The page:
Cody v. S.K.F. Industries, Inc., supra, is another case which may appear to involve the exception for statements of present physical condition. Closer examination reveals, however, that, as we did in Thompson, the Supreme Court considered the statements within the exception for excited utterances. There, the plaintiff's decedent had been "struck on the head and knocked to the ground by an overhead garage door" while at work. Id. 447 Pa. at 561, 291 A.2d at 773. He left work early and was driven home by a fellow employee. Upon arriving home he complained to his wife of a severe headache and explained what had happened at work. Several days later he stated to his physician that he had been struck on the head by the garage door. Without discussing whether the declarant's complaint of a severe headache to his wife and his statement to the physician were statements of present bodily condition, the Court held that the "statements concerning the accident [were] not admissible as res gestae." Id., 447 Pa. at 563, 291 A.2d 774. The Court went on to hold that the statements to the wife should not have been admitted because they were not "spontaneous utterances springing out of the act . . . . [but] were the result of consideration, and must be viewed as a narration or explanation of the past event." Id., 447 Pa. at 565, 291 A.2d at 775. However, the Court concluded that while the statements to the physician were not admissible as "res gestae," they nevertheless were admissible. The Court noted that "[t]he law in Pennsylvania . . . has been that statements to a doctor were admissible insofar as they were necessary and proper for diagnosis and treatment and referred to symptoms, feelings and conditions." Id., 447 Pa. at 566, 291 A.2d at 776. "Upon re-examining this rule," id., the Court concluded that the statements to the physician on the cause of the accident should be admitted. Quoting McCormick, the Court held that "statements as to external cause when relevant to treatment and made to a doctor employed for that purpose are [ i.e., should be admitted as] evidence of the fact stated . . . particularly in actions for death where there were no eyewitnesses other than the victim. . . ." Id.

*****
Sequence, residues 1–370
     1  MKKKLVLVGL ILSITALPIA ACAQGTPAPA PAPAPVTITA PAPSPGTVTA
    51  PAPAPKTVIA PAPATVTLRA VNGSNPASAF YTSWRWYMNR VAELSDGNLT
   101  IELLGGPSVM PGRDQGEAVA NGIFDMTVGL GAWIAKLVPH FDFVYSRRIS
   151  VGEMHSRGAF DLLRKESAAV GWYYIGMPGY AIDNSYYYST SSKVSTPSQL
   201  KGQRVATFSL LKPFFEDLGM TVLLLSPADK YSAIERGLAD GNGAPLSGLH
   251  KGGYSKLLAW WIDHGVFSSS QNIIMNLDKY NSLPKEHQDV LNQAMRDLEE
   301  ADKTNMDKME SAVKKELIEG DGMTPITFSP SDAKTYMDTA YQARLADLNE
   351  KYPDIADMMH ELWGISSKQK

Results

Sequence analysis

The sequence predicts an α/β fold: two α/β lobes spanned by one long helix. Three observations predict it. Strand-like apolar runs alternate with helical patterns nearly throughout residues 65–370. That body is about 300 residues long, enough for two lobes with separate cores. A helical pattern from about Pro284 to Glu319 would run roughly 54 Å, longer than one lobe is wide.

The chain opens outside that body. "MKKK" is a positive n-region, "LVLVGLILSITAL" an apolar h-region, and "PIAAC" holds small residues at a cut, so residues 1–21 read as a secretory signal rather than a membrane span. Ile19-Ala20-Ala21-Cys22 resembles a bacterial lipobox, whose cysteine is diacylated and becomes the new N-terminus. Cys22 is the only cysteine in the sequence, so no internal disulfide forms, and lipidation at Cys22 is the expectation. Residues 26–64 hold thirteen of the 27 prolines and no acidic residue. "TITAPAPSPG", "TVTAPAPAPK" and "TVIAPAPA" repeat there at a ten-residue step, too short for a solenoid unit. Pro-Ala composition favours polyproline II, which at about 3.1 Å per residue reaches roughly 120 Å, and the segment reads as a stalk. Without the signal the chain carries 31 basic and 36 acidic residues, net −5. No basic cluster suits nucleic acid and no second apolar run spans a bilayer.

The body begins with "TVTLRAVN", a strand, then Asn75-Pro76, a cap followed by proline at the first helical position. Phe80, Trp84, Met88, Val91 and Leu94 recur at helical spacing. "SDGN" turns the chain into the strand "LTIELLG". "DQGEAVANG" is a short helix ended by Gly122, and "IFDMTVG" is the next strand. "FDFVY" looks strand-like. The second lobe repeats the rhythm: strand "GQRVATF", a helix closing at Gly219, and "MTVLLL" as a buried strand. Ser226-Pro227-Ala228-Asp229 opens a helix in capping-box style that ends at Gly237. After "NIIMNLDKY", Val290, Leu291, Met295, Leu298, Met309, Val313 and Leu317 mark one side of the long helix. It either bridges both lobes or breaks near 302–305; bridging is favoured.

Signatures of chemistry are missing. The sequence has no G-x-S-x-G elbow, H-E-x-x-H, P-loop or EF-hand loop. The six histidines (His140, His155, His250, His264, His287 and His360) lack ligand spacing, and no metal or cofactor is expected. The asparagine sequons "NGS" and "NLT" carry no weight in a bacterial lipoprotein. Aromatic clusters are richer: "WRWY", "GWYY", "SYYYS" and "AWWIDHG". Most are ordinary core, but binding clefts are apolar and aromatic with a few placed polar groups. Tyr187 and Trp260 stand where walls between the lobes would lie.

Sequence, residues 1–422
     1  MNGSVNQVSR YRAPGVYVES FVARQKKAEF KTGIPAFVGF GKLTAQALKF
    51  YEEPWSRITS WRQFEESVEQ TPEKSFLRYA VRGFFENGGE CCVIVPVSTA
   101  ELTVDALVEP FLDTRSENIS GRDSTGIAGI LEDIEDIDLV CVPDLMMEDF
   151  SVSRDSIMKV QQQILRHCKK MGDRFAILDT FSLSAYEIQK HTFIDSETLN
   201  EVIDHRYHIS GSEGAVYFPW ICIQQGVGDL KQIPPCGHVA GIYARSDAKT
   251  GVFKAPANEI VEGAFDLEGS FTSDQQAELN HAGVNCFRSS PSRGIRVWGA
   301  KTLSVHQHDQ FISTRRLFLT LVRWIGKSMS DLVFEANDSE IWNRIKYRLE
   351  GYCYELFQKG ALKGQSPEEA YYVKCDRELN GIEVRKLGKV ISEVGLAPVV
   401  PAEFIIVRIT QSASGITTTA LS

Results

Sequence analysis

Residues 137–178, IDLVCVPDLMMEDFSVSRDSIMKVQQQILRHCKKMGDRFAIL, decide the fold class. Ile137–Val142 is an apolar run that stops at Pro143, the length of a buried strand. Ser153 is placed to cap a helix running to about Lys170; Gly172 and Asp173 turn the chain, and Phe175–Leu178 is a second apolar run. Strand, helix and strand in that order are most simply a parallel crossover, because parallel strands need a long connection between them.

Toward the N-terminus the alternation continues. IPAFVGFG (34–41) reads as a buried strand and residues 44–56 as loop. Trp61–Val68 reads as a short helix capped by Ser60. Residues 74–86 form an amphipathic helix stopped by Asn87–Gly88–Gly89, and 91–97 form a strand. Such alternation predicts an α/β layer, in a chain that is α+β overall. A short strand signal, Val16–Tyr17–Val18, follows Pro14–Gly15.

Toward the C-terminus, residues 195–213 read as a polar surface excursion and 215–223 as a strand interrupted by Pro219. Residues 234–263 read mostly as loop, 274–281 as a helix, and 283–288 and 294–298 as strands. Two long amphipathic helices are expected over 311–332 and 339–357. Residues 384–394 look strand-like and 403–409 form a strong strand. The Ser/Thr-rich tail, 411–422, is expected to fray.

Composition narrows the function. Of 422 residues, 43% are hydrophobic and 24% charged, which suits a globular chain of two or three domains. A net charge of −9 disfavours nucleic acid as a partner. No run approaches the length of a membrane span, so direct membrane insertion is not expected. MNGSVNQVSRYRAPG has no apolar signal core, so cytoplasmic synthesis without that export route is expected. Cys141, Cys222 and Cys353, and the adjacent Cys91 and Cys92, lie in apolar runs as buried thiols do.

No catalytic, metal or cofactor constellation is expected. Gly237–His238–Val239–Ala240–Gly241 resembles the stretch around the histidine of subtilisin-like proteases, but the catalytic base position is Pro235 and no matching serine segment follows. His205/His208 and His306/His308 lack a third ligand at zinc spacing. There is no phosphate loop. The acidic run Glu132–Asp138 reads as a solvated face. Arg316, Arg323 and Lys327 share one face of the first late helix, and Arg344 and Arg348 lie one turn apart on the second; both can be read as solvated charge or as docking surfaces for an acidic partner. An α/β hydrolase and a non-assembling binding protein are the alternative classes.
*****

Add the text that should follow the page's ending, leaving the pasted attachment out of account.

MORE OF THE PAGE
The law has continued to develop the concept of the exception for statements of present bodily condition. Perhaps the most influential formulation of the exception is in the Federal Rules of Evidence, Rule 803(4), which makes admissible, "even though the declarant is available as a witness," "[s]tatements made for purposes of medical diagnosis or treatment and describing medical history, or past and present symptoms, pains, or sensations, or the inception or general character of the cause or external source thereof insofar as reasonably pertinent to diagnosis or treatment." And see United States v. Iron Shell, 633 F.2d 77 (8th Cir. 1980), cert. denied 450 U.S. 1001, 101 S.Ct. 1709, 68 L.Ed.2d 203 (1981) (collecting cases and discussing "expansive approach" of F.R.Evid. 803(4), in particular whether statements may concern past symptoms and causes of injury). See also McCormick, supra at 842 (noting "dubious propriety" of various restrictions placed on admissibility of statements of present bodily condition, and approving F.R.Evid. 803(4)).